When lodging your application form you must also attach copies of the following documents, together with the owner-builder permit application fee:

  1. Development consent (development application (DA) approval or complying development certificate (CDC) approval) from a certifying authority (council or private certifier) for the subject building site and
  2. Certificate in Owner Builder Compliance 91509NSW.

The following pages on the Fair Trading website provide more information regarding course 91509NSW and if an applicant is eligible to be exempted from the approved course. These pages are also available as factsheets:

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What are my limitations under an owner builder permit? 

An owner-builder permit is not a building licence. It does not allow you to:

  • do work other than the project covered by the development application or complying development certificate
  • do specialist work such as electrical, plumbing, gasfitting, air-conditioning and refrigeration work (unless you hold a licence for such work).

Only one owner-builder permit can be issued within any 5-year period, unless the application and any earlier permit relate to the same land, or unless special circumstances exist.

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Approvals needed for building work 

Most building work needs the following approvals before work can start.

Development consent or Complying Development Certificate (CDC)

Your local council can issue a development consent. If a CDC is permitted for the type of development you propose under the council’s local plan, it can be issued by your local council or an accredited certifier.

Construction approval

Approval for the work (a construction certificate) can be given by either your local council or an accredited certifier.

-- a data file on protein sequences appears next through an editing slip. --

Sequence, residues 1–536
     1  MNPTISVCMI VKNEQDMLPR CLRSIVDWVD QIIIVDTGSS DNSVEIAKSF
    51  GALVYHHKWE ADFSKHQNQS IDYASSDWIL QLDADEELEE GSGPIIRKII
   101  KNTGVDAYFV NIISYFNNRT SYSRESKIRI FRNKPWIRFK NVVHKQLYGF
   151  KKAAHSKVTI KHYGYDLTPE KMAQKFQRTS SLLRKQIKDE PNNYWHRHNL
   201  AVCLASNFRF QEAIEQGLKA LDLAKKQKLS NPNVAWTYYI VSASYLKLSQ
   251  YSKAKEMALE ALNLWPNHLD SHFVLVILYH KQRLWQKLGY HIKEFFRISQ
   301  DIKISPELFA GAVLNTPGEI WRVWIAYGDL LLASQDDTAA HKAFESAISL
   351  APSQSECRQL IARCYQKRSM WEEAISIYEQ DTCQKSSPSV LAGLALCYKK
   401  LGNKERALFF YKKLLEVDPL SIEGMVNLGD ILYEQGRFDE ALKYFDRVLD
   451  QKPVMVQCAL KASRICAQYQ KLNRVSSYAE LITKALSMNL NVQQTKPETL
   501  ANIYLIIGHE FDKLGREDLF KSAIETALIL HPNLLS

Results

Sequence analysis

Note: You do not need a construction certificate if you have a CDC.

During construction, the building work must also be inspected by council or an accredited certifier to check that it meets national building standards (the Building Code of Australia).

A certificate to allow occupation or use of the completed building work (occupation certificate) can only be issued if the work generally meets these standards.

For more information about building work approvals and choosing a certifying authority go to the Consumer building guide page of the Fair Trading website to view or download Fair Trading's Consumer building guide booklet.

You can also get more information about the approvals process and choosing a certifying authority from the Building Professionals Board, at www.bpb.nsw.gov.au or by calling 9895 5950.

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Use licensed tradespeople 

All tradespeople (whether contracting directly with home owners or sub-contracted through a builder), who undertake residential building work costing over $1,000 (labour and materials), must hold a licence from NSW Fair Trading for the type of work they are to do. Specialist tradespeople who carry out any of the following must be licensed regardless of the cost of the work:

  • electrical wiring
  • plumbing, draining and gasfitting work
  • air conditioning and refrigeration work (except plug-in appliances).

Once you find a tradesperson and before you sign any contract, don't forget to:

  • ask to see their licence
  • go to the online licence check on the Fair Trading website to make sure it is current, valid and suitable for the work you want done, or call Fair Trading and do a licence check over the phone.